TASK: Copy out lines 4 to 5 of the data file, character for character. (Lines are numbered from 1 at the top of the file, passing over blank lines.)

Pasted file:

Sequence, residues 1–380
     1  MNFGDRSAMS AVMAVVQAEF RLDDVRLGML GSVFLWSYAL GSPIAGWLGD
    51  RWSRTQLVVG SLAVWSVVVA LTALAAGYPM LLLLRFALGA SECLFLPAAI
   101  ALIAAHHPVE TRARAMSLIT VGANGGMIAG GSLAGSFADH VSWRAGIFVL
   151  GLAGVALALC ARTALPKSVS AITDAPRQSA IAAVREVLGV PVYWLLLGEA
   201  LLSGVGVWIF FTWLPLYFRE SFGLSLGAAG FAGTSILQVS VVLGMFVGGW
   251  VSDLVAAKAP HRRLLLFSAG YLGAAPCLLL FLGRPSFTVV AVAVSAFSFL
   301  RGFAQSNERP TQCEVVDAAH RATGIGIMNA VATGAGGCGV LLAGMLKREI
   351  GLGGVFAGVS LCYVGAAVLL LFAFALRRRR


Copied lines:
   101  ALIAAHHPVE TRARAMSLIT VGANGGMIAG GSLAGSFADH VSWRAGIFVL
   151  GLAGVALALC ARTALPKSVS AITDAPRQSA IAAVREVLGV PVYWLLLGEA